Posting full Opinion here @Windthin since it is very a strong criticism particularly from an Admiral Mike Mullen and military, who rarely speak out.
It sickened me yesterday to see security personnel—including members of the National Guard—forcibly and violently clear a path through Lafayette Square to accommodate the president’s visit outside St. John’s Church. I have to date been reticent to speak out on issues surrounding President Trump’s leadership, but we are at an inflection point, and the events of the past few weeks have made it impossible to remain silent.
Whatever Trump’s goal in conducting his visit, he laid bare his disdain for the rights of peaceful protest in this country, gave succor to the leaders of other countries who take comfort in our domestic strife, and risked further politicizing the men and women of our armed forces.
There was little good in the stunt.
While no one should ever condone the violence, vandalism, and looting that has exploded across our city streets, neither should anyone lose sight of the larger and deeper concerns about institutional racism that have ignited this rage.
As a white man, I cannot claim perfect understanding of the fear and anger that African Americans feel today. But as someone who has been around for a while, I know enough—and I’ve seen enough—to understand that those feelings are real and that they are all too painfully founded.
We must, as citizens, address head-on the issue of police brutality and sustained injustices against the African American community. We must, as citizens, support and defend the right—indeed, the solemn obligation—to peacefully assemble and to be heard. These are not mutually exclusive pursuits.
And neither of these pursuits will be made easier or safer by an overly aggressive use of our military, active duty or National Guard. The United States has a long and, to be fair, sometimes troubled history of using the armed forces to enforce domestic laws. The issue for us today is not whether this authority exists, but whether it will be wisely administered.
I remain confident in the professionalism of our men and women in uniform. They will serve with skill and with compassion. They will obey lawful orders. But I am less confident in the soundness of the orders they will be given by this commander in chief, and I am not convinced that the conditions on our streets, as bad as they are, have risen to the level that justifies a heavy reliance on military troops. Certainly, we have not crossed the threshold that would make it appropriate to invoke the provisions of the Insurrection Act.
Furthermore, I am deeply worried that as they execute their orders, the members of our military will be co-opted for political purposes.
Even in the midst of the carnage we are witnessing, we must endeavor to see American cities and towns as our homes and our neighborhoods. They are not “battle spaces” to be dominated, and must never become so.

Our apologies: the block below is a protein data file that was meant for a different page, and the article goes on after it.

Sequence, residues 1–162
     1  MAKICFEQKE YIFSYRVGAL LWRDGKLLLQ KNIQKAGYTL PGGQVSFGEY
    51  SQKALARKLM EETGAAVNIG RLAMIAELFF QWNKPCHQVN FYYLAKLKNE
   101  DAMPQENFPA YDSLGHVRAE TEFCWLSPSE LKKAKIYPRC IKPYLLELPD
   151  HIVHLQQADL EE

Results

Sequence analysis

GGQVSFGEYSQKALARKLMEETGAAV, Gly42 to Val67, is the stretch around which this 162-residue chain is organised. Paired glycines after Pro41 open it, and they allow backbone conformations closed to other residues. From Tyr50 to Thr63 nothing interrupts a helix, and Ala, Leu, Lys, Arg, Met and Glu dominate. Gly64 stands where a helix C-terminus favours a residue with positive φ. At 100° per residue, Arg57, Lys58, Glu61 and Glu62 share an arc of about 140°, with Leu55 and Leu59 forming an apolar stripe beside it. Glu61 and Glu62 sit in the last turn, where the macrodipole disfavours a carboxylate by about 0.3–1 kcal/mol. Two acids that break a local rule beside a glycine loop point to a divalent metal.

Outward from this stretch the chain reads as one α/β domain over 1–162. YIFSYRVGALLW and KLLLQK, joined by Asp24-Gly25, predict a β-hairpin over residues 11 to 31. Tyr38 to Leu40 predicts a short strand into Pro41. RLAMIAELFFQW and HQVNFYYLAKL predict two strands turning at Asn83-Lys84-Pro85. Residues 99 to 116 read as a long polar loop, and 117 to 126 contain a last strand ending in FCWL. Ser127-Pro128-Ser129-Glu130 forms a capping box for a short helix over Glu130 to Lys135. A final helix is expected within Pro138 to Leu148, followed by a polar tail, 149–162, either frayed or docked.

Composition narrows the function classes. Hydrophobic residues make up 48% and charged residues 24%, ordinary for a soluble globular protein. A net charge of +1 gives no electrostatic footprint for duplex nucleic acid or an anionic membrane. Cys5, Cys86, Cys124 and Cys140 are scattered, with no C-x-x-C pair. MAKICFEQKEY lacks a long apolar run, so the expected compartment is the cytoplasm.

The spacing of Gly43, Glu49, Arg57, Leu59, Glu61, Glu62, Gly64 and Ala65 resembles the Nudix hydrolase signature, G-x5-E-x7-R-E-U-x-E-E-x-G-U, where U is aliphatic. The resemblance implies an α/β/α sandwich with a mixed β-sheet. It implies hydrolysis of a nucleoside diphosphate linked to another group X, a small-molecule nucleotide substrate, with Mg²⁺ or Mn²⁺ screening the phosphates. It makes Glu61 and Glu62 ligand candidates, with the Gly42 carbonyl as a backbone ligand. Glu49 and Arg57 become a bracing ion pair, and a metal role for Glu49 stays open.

We must ensure that African Americans—indeed, all Americans—are given the same rights under the Constitution, the same justice under the law, and the same consideration we give to members of our own family. Our fellow citizens are not the enemy, and must never become so.
Too many foreign and domestic policy choices have become militarized; too many military missions have become politicized.
This is not the time for stunts. This is the time for leadership.
What they’re saying: "Justice for black Americans in the face of unjust violence, and peace for our country in the face of looting, riots, and domestic terror. Those are the two issues Americans want addressed," McConnell said on the Senate floor.
“Unfortunately, this resolution from my friend the Democratic leader does not address either one of them. Instead, it just indulges in the myopic obsession with President Trump that has come to define the Democratic side of the aisle.”
“Outside of the Washington, D.C., bubble, there is no universe where Americans think Democrats’ obsession with condemning President Trump is a more urgent priority than ending the riots or advancing racial justice.”
The other side: The resolution that Schumer introduced also affirmed the constitutional rights of peaceful protesters and condemned violence and looting.
“It’s very simple why the Republican leader objected to our resolution and offered this one instead,” Schumer said, after objecting to a counter-resolution from McConnell that stripped out references to Trump.
“It’s because they do not want to condemn what the president did, though every fair minded American of any political party would. We certainly should condemn violence — let me repeat, this resolution condemns violence — but it is insufficient in light of what happened just to condemn violence, and not condemn what the president did as well.”
Details: Schumer’s proposed resolution affirmed the following …
"The constitutional rights of Americans to peaceably assemble, exercise freedom of speech, and petition the government for redress of grievances must be respected;
That violence and looting are unlawful, unacceptable and contrary to the purpose of peaceful protests; and